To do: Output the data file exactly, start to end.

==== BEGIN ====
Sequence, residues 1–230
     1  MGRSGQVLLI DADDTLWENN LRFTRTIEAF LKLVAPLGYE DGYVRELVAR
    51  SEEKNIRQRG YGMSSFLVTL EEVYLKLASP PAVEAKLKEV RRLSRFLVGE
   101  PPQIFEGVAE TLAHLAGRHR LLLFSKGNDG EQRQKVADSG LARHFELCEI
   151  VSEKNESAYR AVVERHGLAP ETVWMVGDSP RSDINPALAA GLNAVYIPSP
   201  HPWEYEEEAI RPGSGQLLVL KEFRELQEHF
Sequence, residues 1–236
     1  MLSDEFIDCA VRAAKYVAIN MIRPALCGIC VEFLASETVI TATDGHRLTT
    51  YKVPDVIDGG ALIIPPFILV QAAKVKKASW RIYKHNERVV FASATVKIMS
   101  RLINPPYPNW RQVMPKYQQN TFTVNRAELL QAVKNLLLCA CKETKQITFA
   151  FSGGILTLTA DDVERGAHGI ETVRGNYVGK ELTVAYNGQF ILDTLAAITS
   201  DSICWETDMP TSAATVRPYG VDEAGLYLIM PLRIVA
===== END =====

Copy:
Sequence, residues 1–230
     1  MGRSGQVLLI DADDTLWENN LRFTRTIEAF LKLVAPLGYE DGYVRELVAR
    51  SEEKNIRQRG YGMSSFLVTL EEVYLKLASP PAVEAKLKEV RRLSRFLVGE
   101  PPQIFEGVAE TLAHLAGRHR LLLFSKGNDG EQRQKVADSG LARHFELCEI
   151  VSEKNESAYR AVVERHGLAP ETVWMVGDSP RSDINPALAA GLNAVYIPSP
   201  HPWEYEEEAI RPGSGQLLVL KEFRELQEHF
Sequence, residues 1–236
     1  MLSDEFIDCA VRAAKYVAIN MIRPALCGIC VEFLASETVI TATDGHRLTT
    51  YKVPDVIDGG ALIIPPFILV QAAKVKKASW RIYKHNERVV FASATVKIMS
   101  RLINPPYPNW RQVMPKYQQN TFTVNRAELL QAVKNLLLCA CKETKQITFA
   151  FSGGILTLTA DDVERGAHGI ETVRGNYVGK ELTVAYNGQF ILDTLAAITS
   201  DSICWETDMP TSAATVRPYG VDEAGLYLIM PLRIVA